"A scene flashes through my head. The Delhi High Court. A (Section) 377 hearing in the summer of 2009. As we sat at the back, on the left hand side of the court room were the lawyers of the Home Ministry. I marvelled at their words. They spoke of holes – which hole was designed for what, and how wrong it was for this hole to be used for this and not that. And I listened to our words – dignity, rights, love… How unable we were to speak of holes. And, beyond a point, what does 377 have to do with love? It was bad enough that our lawyers told us to use ‘LGBT’ instead of ‘Queer’ because the judges would not understand Queer. And then to have to evoke the trope of love. Uff.
Not that love does not have radical potential. Ironically, it can have radical potential when love translates into marriage (or at least reproduction). Ambedkar was probably right when he said, “The real remedy for breaking Caste is inter-marriage. Nothing else will serve as the solvent of Caste.” But we know that love is also the glue that holds heteronormativity together. Love, in the context of modernity, helps hold together that same caste, same religion, manly man and womanly woman couple which produces heirs to inherit private property. And let those of us radical types who are against marriage, including same-sex marriage, not forget, that it is not just about marriage. Love is also the glue that holds together coupledom.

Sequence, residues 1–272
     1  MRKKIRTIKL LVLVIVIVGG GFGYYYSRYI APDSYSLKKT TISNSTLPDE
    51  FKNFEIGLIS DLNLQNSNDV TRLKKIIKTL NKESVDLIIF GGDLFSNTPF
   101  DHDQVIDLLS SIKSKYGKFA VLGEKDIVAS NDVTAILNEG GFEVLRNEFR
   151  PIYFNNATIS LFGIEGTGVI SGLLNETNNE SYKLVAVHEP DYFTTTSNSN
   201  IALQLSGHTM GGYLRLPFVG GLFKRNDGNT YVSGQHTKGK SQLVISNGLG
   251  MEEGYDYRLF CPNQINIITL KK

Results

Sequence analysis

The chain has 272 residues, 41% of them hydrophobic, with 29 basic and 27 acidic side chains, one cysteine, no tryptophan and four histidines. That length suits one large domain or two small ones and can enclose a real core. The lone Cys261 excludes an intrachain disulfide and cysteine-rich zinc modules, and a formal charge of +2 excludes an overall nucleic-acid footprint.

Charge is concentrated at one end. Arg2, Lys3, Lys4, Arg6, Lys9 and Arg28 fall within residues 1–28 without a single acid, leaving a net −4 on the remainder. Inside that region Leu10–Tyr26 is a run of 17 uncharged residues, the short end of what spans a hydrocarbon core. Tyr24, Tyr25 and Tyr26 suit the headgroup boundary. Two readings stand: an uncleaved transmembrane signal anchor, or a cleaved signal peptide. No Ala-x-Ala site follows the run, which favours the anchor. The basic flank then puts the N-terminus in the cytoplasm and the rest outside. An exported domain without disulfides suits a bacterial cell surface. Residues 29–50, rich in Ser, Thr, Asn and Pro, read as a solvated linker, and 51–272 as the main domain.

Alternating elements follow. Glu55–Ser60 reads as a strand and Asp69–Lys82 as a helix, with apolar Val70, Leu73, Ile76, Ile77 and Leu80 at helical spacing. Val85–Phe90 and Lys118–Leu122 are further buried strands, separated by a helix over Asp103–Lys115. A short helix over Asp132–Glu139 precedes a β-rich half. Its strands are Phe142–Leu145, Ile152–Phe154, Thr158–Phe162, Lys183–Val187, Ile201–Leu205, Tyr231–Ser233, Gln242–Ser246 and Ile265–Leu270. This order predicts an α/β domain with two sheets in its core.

Love humbles, sometimes even humiliates, those of us who sincerely believe and loudly proclaim the criticality of friends in our lives and decry the hierarchy between ‘love’ and ‘friendship’. Oh, hang on. Here in lie many points to ponder." Click HERE to read more.